Journey’s End

2 Jan

My family is full of travelers. We have had immediate and extended family members travel and sometimes live in some extra-ordinary places over the years. It was really cool to extend that legacy, especially in Africa. It was even cooler to have my dad come at the end to see where I have been for the past few months. I finished strong in the Arabic class and other projects and then went touring around the old city of Fes one last time. We had a rare opportunity to take a walk through a medieval tannery. In one of the previous entries I mentioned that the Medina was full of Tanneries (leather producers). A typical visit of one includes a tour through the shop and then onto the roof to look down into the production area. However, this time as we were walking around the city at night, a tannery worker invited us into the production area where the dye pools are located. This was a rather neat experience, as this is usually an off-limit area. We were taken around the big maze of 2m deep dye pools and piles of fresh hides. It was very smelly, but awesome experience nonetheless.

The last night with the host family was fun, as we had a big “Dad, meet Dad” experience. My real father would talk to my host-dad, who would smile, nod and say “ah, uh-huh” and then turn to me with that “what did he say?” look, then I would translate. My dad and I gave Adil (host dad) and his mother some small gifts from the US. I had brought a variety of small gifts, some suitable for young children (I was under the impression that it would be a family of 4-5), but my host-dad still got a kick out of the Indiana photo book, as well as the slinky toy and glow sticks haha. The last day was spent in Rabat and then in Casablanca, where we had dinner with some Americans in Rick’s Café.  Based on the movie “Casablanca”, the restaurant was built by a foreign-service officer only about 10 years ago and is very faithful to the fictional setting of the classic film. Afterwards we took a drive around the Casablancan neighborhoods containing WWII -era houses used by American and British leaders to negotiate strategies for “Operation Torch” (the Allied invasion of French North Africa). In a previous entry I wrote about a major highlight of Casablanca, The King Hassan II Mosque, and was able to get a better look at it this time. Situated along the Atlantic ocean and with the world’s tallest minaret, this Mosque is a powerful symbol of Islamic tradition in Morocco. What a beautiful structure!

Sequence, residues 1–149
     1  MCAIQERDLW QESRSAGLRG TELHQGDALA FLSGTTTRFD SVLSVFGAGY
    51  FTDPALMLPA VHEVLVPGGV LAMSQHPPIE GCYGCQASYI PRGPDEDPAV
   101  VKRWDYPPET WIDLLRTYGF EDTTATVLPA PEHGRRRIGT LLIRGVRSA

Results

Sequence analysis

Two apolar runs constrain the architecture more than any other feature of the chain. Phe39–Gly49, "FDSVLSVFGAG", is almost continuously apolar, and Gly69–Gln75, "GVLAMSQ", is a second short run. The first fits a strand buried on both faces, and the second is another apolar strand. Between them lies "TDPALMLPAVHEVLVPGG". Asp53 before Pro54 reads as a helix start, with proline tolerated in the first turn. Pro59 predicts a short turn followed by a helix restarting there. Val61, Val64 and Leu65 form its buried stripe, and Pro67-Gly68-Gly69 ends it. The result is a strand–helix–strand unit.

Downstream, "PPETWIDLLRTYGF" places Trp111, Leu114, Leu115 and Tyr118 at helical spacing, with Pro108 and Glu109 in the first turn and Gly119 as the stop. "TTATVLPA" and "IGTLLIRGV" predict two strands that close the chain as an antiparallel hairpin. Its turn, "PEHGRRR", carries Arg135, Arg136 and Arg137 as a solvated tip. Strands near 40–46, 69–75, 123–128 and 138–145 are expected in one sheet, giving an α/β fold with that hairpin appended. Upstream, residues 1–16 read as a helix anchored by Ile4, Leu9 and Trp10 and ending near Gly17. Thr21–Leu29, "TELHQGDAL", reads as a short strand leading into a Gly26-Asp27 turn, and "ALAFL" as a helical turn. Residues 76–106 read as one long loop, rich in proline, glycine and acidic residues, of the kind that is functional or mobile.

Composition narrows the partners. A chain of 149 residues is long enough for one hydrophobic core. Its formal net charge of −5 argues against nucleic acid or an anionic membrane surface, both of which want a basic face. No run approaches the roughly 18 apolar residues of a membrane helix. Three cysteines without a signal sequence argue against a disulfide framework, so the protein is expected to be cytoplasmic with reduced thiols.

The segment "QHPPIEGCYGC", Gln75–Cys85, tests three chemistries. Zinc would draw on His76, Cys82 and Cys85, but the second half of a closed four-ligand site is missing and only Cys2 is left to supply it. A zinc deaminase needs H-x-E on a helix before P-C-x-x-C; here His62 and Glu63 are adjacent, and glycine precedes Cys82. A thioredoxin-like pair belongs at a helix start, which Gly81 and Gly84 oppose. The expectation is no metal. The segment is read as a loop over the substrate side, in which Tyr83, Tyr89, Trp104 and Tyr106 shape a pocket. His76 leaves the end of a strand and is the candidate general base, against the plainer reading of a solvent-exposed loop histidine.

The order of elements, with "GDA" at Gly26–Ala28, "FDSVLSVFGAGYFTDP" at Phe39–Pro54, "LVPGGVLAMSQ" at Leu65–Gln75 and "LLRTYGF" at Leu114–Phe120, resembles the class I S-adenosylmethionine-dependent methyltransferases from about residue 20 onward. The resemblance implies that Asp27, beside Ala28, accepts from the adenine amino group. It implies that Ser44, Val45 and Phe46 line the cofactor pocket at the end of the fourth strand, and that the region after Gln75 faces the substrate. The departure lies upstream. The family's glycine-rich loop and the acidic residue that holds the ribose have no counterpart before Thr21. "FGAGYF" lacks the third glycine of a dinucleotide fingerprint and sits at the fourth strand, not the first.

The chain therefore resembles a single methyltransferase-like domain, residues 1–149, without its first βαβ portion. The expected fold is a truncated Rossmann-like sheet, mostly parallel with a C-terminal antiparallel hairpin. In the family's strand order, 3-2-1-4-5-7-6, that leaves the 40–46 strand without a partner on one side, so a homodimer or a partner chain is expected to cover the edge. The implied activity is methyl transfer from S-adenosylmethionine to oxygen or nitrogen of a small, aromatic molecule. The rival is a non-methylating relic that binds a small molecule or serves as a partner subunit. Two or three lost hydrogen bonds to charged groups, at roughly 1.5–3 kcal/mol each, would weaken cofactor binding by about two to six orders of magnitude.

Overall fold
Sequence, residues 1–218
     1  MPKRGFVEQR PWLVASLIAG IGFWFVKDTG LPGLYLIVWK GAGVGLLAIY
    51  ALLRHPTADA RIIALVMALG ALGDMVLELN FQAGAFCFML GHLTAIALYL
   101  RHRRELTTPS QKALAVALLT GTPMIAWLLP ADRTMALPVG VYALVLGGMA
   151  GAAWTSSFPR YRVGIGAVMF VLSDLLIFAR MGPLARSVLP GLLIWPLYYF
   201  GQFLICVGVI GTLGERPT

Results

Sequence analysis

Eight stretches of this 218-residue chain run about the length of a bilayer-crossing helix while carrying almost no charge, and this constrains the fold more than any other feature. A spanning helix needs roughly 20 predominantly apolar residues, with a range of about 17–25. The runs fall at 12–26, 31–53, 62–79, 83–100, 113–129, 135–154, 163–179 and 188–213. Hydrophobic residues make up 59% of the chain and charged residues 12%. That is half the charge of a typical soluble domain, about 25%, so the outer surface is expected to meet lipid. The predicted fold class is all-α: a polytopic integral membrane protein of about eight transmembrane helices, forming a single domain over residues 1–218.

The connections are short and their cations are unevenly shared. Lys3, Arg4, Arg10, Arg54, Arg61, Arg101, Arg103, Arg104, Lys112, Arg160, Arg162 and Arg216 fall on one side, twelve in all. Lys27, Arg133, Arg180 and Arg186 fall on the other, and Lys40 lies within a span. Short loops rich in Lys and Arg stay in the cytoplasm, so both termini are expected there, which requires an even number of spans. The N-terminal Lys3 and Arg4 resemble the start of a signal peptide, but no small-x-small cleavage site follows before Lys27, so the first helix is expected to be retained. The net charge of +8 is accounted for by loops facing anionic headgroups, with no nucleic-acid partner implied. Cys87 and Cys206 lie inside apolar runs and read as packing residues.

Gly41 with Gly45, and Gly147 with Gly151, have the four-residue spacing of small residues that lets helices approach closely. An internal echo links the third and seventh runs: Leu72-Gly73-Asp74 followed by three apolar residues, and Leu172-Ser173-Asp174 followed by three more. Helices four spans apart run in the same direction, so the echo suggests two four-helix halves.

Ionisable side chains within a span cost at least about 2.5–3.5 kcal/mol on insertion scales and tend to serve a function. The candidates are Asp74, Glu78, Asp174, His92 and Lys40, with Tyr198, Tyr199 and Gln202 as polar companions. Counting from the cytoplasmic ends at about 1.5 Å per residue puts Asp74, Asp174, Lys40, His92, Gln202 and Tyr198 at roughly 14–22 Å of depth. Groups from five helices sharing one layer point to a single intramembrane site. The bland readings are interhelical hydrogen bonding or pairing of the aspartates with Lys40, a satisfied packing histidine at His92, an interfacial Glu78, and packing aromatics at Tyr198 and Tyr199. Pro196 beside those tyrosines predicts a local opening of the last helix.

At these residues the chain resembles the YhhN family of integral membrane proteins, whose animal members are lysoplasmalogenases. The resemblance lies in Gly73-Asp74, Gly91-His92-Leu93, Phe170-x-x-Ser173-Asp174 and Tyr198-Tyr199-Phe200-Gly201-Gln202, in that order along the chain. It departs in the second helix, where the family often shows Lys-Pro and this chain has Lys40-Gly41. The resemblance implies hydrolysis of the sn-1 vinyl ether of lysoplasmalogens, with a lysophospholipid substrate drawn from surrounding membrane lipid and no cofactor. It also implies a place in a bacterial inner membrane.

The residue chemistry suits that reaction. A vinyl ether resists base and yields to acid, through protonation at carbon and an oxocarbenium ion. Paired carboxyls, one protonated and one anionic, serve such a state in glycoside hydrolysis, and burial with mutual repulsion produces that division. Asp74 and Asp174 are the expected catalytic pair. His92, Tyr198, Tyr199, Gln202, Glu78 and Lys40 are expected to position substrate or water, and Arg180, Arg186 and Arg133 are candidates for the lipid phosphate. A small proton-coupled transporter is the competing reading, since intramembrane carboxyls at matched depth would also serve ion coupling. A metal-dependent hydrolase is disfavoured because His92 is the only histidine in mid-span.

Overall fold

Upon landing in Indianapolis I had been awake for over 30 hours haha. My Mom and brother came home from church and found me sitting in the kitchen eating, wearing the Djellaba and listening to Koranic recitations (re-acclimation is harder than it looks haha). Good to be home though finally, and still lots to do, like get ready for school in the spring,  Wow, this trip was 6 months, but upon returning felt like two weeks, what a weird feeling!

This is the last entry though, but thanks for reading! Hope you have enjoyed this blog.  Jordan, Israel and Morocco are fantastic countries with mind-blowing histories and cultures. Purdue Study Abroad programs can definitely provide some incredible destinations, and opportunities for students to gain incredible new perspectives. For questions about anything related, email me at   Before I close, here is footage of Oud playing and a Gnawa concert I mentioned in the last entry. Gnawa concert & Oud playing  Enjoy!


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